The reputation of the two former has long been beyond the reach of controversy or cavil;-but of the last, it may not be altogether umnecessary to say, that we consider him as a model of chaste eloquence, reaching the highest perfection of the art, and free fro every one of the faults to which his countrymen are so liable.

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In the publication before us, we have, first of all, to complain of the same system of puffing which has, in Mr Phillips's former publications, given offence to every person of correct notions, and, more especially, to those who possessed any feelings of professional delicacy. A young barrister, printing his Speeches at publick meetings as well as in courts of law, at tavern dinners, in various places both on the mainland and in islands in the Lakes, betokens a zeal for applause not very usual among members of that learned order. The title-page bears that these Speeches are edited by himself.' He dedicates them himself to Mr Roscoe, and then modestly steps aside for a moment, that his friend Mr Finlay (the same gentleman, we presume, who is praised largely in one of the Speeches) may come forward, and deliver, in the shape of a preface, a highly wrought panegyric of the orator, equally warm, indeed, with any thing said by Quintilian of Cicero, though not in precisely the same style. This piece is entitled Preface, by John Finlay, Esq.' Mr Finlay. treats his friend exactly as if he had already taken his place among the English classics. The Speeches of Phillips,' says he, are now, for the first time, offered to the world in an authentic form. The next sentence is written pretty much in the correct phraseology of the Speeches of Phillips' themselves. So far as his exertions have been hitherto developed, his admirers, and they are innumerable, must admit that the text of this volume is an acknowledged reference, to which future criticism may fairly resort, and from which his friends must deduce any title which the speaker may have created to the character of an orator.' He then shows that he has borrowed also the correctness of metaphor which distinguishes Mr Phillips. Defects and detraction,' says he, are as the spots and shadow which of necessity adhere and attach to every object of honourable toil,' He afterwards boasts, that these Speeches are read in all the languages of Europe,' at this moment; meaning, of course, in the foreign newspapers, where it is unquestionable that far worse compositions than Mr Phillips's are translated daily from the public papers of this country. The criticism to which they have been subjected, is next ascribed to the influence of Government; for Mr Finlay observes, that Mr Phillips's political principles have been a drawback on his reputation; and the dispraise of these Speeches has been a discountable quantity for the promotion of placemen, and the procurement of place.' As, however, he was probably aware that we had not so negotiated our paper, he must needs find another reason for the opinions expressed in the Edinburgh Review, uponthe Speech in the case of Guthrie v. Sterne (No. L.) It seems we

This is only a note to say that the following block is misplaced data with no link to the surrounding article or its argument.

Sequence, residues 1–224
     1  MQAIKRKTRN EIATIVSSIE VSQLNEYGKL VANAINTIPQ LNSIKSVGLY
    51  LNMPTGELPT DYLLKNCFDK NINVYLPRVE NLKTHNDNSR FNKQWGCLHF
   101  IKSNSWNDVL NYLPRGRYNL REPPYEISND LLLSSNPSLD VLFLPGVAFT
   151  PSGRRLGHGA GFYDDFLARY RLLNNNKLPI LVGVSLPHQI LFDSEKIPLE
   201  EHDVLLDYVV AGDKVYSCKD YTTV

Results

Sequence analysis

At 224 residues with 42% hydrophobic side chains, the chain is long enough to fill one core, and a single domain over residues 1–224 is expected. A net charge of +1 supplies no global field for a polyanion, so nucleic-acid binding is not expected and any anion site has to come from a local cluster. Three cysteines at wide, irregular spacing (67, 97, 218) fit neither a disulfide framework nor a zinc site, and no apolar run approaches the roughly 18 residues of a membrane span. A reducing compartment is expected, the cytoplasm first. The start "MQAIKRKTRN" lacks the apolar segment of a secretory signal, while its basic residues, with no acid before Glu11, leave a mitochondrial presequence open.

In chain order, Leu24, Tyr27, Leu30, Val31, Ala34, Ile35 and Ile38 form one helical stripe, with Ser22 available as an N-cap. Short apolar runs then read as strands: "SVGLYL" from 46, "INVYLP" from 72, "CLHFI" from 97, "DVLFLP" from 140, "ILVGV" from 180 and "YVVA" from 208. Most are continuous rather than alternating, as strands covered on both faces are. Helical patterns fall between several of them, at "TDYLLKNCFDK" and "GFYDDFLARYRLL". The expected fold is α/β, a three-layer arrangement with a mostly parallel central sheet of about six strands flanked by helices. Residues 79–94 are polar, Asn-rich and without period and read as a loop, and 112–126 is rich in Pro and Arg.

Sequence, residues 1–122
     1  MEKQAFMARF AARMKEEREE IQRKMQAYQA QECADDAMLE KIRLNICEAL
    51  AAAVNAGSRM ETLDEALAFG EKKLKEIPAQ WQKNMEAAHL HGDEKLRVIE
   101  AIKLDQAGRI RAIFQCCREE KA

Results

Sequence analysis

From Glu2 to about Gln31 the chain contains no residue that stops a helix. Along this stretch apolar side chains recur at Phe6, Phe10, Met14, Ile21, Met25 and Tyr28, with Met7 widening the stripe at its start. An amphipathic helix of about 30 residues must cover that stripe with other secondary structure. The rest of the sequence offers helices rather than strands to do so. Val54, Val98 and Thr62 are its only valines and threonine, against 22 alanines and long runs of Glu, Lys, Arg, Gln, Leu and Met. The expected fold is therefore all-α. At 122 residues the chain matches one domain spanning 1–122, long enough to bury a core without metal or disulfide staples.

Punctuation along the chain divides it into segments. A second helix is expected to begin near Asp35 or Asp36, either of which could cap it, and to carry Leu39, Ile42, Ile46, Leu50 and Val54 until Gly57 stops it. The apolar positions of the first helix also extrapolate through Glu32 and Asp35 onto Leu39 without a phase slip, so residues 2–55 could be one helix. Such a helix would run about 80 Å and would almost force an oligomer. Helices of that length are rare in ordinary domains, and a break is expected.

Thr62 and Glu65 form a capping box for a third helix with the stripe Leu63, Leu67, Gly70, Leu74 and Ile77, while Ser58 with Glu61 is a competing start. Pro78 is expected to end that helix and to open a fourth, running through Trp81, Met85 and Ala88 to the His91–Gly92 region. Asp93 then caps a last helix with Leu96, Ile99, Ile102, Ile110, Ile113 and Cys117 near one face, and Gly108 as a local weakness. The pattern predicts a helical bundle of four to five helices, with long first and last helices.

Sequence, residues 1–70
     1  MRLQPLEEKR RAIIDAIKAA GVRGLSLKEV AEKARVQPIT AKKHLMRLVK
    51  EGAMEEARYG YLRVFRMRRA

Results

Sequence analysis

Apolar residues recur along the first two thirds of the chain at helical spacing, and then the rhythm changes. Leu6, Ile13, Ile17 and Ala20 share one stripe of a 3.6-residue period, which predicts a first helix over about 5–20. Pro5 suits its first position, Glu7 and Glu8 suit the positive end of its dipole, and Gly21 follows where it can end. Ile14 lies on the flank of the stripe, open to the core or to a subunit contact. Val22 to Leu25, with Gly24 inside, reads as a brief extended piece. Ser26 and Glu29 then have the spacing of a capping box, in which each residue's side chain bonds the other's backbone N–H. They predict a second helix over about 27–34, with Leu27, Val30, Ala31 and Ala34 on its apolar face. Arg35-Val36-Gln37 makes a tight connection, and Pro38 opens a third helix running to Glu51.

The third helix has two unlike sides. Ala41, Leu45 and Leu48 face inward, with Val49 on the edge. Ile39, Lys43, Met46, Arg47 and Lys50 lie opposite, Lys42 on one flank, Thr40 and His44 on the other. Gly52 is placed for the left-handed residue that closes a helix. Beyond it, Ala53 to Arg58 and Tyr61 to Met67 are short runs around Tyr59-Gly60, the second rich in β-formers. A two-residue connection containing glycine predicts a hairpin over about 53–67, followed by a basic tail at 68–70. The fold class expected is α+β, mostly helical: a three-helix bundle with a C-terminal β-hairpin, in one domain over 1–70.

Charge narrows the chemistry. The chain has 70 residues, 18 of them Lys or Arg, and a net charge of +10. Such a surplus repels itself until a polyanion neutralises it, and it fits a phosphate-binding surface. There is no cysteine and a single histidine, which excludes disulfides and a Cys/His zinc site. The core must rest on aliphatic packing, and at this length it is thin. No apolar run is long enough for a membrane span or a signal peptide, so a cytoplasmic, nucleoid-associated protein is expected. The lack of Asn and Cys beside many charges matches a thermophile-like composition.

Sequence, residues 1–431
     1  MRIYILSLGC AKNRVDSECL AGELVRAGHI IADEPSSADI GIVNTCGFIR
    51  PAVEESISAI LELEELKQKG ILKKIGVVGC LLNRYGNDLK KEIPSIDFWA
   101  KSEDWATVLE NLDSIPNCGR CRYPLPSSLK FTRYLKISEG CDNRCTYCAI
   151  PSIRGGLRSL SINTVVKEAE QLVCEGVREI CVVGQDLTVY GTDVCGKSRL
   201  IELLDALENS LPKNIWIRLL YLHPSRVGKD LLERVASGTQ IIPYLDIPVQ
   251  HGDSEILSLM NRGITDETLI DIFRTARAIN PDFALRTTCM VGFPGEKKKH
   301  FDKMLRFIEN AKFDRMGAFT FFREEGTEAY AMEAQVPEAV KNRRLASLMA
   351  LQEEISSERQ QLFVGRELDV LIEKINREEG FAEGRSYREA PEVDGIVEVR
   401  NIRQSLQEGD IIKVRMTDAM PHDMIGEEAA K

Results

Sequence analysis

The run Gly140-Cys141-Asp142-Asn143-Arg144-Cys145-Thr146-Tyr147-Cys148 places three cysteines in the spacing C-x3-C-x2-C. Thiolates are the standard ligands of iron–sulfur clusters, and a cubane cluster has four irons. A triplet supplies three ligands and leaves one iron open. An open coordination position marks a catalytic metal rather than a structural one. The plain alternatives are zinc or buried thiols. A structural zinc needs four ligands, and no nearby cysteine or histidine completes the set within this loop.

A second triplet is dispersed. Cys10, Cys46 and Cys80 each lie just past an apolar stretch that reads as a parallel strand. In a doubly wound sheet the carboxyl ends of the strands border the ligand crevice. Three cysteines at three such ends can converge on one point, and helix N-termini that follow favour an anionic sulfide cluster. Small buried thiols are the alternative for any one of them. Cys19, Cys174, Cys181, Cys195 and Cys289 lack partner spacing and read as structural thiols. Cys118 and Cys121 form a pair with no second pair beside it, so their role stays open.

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took for the basis of the criticism, an unauthorized and incor⚫rect publication of a single forensic exertion in the ordinary routine of professional business.' Now, we have a strong suspicion that this unauthorized publication was printed from Mr Phillips's own handwriting: At all events, it bore manifest proofs of having been corrected, or rather written by him; and, if any further evidence were wanting, the book before us contains it; for it contains that Speech, almost word for word as in the edition reviewed by us; the only alterations being a word here and there, probably typographical errors in the former edition. * Nor is it less unfair to represent that Speech as an ordinary effusion; one of a great number daily made in the course of a barrister's practice. Mr Finlay must know, that it was a most elaborate effort of a person who had little or no practice, and who probably made no other speech of any kind for some time before and after it was delivered. Indeed it happens, whimsically enough, that this is the very speech selected by our judicious panegyrist a few pages further on, as the best instance of Mr Phillips's reasoning powers, and skilful selection of topics.